Then there is what happened to the pay rates over the last fifty years, but like Mark Twain in Connecticut Yankee, when he starts with “And if the peasant had a daughter” I weary of telling this stuff, because, really, what could we do about it? Also, some things are too dreary to even tell.

The only stick SFWA ever wielded was to consider publications either pro or not, based on what they paid.  It was a weak and ineffective stick by the time I came on the scene, since there were so few and so short lived magazines that beginning writers worked for what they had to.  (Yours truly made ¼ of a cent a word for more than a year.)

And then we got indie.  And the shell cracked loose.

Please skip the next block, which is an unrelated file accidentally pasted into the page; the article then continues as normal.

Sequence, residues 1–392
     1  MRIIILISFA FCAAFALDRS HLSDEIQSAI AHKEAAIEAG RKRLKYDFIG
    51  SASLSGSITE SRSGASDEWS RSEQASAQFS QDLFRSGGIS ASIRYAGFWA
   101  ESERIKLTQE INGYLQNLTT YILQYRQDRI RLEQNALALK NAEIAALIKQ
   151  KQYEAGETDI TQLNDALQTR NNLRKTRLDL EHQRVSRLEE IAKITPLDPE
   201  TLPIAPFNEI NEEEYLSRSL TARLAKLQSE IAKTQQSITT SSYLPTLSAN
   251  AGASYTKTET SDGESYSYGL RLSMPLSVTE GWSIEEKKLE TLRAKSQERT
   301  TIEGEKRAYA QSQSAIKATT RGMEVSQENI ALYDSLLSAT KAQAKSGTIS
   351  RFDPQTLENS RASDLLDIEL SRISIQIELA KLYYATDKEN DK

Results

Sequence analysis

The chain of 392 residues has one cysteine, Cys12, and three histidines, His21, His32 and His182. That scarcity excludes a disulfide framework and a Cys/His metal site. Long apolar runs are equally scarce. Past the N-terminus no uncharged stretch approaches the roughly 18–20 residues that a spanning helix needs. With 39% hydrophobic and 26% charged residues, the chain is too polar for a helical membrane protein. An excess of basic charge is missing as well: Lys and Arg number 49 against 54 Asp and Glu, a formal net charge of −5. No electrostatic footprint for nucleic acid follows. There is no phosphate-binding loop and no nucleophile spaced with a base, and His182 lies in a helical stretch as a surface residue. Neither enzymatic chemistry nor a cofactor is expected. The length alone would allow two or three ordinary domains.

What we have now is almost exactly the opposite of a situation in which unions help.  Instead of having a few concentrated employers, a large and uneducated workforce, a geographically concentrated area in which strong arm tactics and strikes work… you have a largely educated work force, which can choose to work for itself and is spread all over the entire world.

How can a professional organization demand higher pay – from whom? – help with job security, or otherwise secure better conditions for its members?

It can’t.  It was never particularly effective at it, because the conditions weren’t right for its model.  And now it can’t at all because the conditions are the opposite of the ones in which they could be effective.